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Issues and Prospects in Corn, Soybeans, and Wheat Futures Markets

by Nicole Aulerich, Linwood Hoffman, and Gerald Plato

Outlook No. (FDS-09G-01) 44 pp, August 2009

The past 5 years have seen large increases in trading of corn, soybean, and wheat futures contracts by nontraditional traders, a trend that coincided with historic price increases for these commodities. These events have raised questions about whether changes in the composition of traders participating have contributed to movements in commodity prices beyond the effects of market fundamentals. Evidence suggests the link between futures and cash prices for some commodity markets may have weakened (poor convergence), making it more difficult for traditional traders to use futures markets to manage risk. This report discusses the role and objective of new futures traders compared with those of traditional futures traders and seeks to determine if the composition of traders in futures markets has contributed to convergence problems. Market activity is analyzed by focusing on positions of both traditional and new market traders, price levels, price volatility, and volume and open interest trends. Convergence of futures and cash prices is examined, along with implications and prospects for risk management by market participants. The report also discusses the implications for market performance and the regulatory response of the Commodity Futures Trading Commission.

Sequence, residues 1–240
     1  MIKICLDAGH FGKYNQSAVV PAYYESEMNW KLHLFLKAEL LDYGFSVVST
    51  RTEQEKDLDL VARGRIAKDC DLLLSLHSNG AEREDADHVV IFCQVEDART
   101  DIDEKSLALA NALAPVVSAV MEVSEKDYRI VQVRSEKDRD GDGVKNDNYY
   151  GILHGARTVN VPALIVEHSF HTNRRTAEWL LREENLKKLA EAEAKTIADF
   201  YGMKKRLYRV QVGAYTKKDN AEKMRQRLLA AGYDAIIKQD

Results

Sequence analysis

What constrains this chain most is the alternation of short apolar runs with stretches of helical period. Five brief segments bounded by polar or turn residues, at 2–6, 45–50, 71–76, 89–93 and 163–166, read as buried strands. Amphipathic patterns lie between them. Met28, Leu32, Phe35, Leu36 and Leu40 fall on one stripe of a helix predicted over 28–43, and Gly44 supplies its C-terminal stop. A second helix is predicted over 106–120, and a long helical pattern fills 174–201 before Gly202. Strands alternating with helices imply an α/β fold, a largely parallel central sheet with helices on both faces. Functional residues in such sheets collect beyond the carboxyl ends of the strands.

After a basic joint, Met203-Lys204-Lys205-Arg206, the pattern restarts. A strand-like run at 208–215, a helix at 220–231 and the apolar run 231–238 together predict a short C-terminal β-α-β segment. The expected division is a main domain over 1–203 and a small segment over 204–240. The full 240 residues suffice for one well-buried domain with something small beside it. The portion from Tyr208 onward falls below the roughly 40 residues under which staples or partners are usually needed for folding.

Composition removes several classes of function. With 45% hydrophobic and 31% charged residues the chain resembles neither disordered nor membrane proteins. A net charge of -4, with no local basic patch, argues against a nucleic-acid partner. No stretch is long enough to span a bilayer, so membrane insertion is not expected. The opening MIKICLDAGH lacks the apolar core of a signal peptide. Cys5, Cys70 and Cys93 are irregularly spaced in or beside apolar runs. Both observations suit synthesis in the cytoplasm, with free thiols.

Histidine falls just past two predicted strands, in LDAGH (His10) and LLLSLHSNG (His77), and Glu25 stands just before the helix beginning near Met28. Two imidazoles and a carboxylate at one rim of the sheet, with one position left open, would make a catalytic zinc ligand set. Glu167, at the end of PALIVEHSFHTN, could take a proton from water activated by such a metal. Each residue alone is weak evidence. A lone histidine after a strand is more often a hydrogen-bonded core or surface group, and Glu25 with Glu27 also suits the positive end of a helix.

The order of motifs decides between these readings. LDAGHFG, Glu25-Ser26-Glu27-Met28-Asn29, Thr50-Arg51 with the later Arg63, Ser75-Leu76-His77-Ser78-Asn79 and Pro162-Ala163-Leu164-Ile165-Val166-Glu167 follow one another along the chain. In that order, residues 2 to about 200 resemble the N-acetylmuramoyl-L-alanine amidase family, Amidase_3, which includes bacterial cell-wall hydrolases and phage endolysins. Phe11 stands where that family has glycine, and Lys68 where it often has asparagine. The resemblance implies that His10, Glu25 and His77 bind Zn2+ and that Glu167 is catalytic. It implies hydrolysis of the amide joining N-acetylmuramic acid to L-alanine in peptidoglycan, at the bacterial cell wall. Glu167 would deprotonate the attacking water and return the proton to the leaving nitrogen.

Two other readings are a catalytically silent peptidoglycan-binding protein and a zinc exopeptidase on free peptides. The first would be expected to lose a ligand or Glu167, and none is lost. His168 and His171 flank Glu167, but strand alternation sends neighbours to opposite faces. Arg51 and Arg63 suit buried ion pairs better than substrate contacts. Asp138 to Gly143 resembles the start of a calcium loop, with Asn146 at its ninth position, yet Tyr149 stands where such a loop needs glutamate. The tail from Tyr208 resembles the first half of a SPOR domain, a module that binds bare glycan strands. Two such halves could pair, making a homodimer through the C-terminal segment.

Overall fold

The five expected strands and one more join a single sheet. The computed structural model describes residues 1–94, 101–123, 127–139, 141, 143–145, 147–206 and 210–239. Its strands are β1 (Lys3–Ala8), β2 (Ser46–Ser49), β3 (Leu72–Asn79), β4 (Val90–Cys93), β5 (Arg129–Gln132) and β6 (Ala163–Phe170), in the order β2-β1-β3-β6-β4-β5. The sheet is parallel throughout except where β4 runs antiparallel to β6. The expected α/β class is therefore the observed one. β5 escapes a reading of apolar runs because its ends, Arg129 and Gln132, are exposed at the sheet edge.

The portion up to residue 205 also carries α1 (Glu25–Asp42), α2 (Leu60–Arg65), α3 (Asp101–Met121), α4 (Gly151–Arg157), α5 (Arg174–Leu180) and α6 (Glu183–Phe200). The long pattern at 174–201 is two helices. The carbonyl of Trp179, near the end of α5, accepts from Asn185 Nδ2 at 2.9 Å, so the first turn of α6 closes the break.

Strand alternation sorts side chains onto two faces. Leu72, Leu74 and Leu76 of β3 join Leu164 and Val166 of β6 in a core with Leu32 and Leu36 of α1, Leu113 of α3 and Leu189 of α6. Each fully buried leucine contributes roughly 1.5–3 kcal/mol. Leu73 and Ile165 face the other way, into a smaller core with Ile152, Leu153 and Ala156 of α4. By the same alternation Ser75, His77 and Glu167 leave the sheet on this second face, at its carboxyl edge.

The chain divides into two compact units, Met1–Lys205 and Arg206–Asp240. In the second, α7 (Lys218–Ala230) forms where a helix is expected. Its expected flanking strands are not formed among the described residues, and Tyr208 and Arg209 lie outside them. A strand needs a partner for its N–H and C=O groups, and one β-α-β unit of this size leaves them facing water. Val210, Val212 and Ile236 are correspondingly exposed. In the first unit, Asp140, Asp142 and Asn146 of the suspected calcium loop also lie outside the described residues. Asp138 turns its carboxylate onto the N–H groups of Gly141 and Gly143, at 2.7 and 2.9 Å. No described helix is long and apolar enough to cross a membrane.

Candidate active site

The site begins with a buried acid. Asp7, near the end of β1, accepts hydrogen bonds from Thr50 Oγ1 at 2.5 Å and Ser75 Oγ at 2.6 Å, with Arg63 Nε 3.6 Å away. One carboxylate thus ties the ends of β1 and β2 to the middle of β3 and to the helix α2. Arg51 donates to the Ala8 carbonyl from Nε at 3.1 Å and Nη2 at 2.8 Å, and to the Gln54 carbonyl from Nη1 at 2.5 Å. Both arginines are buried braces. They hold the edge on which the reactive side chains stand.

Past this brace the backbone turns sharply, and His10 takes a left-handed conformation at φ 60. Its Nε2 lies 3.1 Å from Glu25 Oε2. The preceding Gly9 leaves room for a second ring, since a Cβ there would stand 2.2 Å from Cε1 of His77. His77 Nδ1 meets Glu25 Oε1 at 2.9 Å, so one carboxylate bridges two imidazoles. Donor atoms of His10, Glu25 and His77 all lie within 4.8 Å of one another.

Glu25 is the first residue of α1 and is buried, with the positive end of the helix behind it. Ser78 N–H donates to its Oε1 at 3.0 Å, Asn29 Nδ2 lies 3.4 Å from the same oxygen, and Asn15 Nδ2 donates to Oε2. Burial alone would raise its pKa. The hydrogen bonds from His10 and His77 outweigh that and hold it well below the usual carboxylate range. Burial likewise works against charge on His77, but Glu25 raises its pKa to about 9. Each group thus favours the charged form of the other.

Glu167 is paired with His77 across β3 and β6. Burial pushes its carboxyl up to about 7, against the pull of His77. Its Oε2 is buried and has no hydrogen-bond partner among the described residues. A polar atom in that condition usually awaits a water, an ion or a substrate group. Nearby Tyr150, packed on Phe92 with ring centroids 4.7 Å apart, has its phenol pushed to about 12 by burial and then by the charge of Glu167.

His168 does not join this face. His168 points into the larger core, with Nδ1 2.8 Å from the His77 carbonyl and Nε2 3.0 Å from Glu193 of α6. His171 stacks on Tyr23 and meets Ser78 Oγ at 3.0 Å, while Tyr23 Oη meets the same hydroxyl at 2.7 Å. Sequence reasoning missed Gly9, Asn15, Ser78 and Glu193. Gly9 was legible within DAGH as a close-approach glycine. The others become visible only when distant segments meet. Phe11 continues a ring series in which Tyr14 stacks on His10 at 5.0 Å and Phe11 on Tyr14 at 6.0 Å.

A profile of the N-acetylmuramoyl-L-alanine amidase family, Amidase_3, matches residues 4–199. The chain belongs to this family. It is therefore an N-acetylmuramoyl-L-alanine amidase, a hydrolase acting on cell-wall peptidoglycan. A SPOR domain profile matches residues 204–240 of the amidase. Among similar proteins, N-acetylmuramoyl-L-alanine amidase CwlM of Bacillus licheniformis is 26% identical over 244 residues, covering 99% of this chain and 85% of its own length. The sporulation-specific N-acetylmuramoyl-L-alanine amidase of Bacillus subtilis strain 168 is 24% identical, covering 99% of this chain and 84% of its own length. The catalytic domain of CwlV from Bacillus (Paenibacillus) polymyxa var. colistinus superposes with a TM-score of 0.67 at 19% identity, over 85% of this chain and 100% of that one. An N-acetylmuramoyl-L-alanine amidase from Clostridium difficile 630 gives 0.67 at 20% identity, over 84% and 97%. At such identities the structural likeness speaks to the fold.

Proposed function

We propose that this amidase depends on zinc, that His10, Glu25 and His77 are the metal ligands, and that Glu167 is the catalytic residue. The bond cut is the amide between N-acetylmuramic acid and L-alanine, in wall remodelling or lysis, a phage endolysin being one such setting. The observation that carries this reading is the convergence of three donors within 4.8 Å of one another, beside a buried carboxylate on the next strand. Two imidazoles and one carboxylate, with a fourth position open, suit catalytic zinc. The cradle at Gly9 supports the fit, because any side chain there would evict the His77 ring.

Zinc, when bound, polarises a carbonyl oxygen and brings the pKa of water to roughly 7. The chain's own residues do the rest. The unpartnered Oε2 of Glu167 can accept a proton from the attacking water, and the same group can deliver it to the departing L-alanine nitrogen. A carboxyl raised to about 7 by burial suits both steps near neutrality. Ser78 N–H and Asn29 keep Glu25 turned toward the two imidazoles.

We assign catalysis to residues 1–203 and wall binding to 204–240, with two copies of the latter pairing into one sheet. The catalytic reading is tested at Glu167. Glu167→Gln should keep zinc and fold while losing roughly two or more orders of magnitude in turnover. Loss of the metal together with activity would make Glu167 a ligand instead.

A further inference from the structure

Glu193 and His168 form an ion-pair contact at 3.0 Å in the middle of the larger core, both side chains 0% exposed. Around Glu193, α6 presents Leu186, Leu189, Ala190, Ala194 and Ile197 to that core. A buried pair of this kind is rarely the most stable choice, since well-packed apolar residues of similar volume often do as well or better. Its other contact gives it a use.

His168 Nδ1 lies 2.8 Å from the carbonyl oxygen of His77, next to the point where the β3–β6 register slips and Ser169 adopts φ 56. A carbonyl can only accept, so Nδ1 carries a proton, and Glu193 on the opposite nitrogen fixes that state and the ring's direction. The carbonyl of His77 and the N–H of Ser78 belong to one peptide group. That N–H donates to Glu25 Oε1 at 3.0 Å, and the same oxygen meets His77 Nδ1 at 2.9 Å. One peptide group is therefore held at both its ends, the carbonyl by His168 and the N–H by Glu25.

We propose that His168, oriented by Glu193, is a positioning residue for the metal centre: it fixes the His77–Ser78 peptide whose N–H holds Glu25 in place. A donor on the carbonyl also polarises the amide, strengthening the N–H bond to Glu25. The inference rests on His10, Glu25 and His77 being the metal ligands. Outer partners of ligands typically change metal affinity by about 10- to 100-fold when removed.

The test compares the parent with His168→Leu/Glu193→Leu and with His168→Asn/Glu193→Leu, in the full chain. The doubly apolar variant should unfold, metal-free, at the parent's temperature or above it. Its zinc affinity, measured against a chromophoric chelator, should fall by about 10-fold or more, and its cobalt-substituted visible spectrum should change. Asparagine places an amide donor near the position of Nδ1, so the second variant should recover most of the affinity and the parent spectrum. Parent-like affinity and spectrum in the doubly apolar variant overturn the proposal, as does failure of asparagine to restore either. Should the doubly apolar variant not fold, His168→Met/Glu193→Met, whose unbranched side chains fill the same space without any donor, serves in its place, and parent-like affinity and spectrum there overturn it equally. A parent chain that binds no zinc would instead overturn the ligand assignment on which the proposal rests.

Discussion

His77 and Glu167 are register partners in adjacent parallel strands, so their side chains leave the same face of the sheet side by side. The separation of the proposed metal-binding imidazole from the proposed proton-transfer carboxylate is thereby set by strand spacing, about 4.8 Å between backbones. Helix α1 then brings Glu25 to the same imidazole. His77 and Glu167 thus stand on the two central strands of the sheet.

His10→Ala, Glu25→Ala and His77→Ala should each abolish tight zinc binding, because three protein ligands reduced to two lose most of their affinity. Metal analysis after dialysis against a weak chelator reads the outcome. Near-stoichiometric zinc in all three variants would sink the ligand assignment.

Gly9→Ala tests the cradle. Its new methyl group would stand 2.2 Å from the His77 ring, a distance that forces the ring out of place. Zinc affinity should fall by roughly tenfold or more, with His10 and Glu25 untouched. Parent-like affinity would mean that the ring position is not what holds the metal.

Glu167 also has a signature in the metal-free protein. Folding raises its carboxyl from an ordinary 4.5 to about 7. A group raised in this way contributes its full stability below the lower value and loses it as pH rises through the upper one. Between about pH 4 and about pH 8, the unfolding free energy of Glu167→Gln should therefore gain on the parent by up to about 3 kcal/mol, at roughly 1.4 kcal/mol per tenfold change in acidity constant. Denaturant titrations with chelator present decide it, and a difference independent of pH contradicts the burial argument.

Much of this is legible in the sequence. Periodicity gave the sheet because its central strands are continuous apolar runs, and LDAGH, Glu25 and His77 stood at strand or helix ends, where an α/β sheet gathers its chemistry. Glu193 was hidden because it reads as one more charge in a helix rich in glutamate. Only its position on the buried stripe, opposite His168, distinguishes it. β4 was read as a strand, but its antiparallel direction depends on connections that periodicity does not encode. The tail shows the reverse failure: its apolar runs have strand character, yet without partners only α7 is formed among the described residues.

Keywords: Corn, soybeans, wheat, futures, liquidity, volatility, speculators, index traders, hedgers, prices, basis, convergence, market performance

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Last updated: Thursday, June 28, 2012

For more information contact: Nicole Aulerich, Linwood Hoffman, and Gerald Plato

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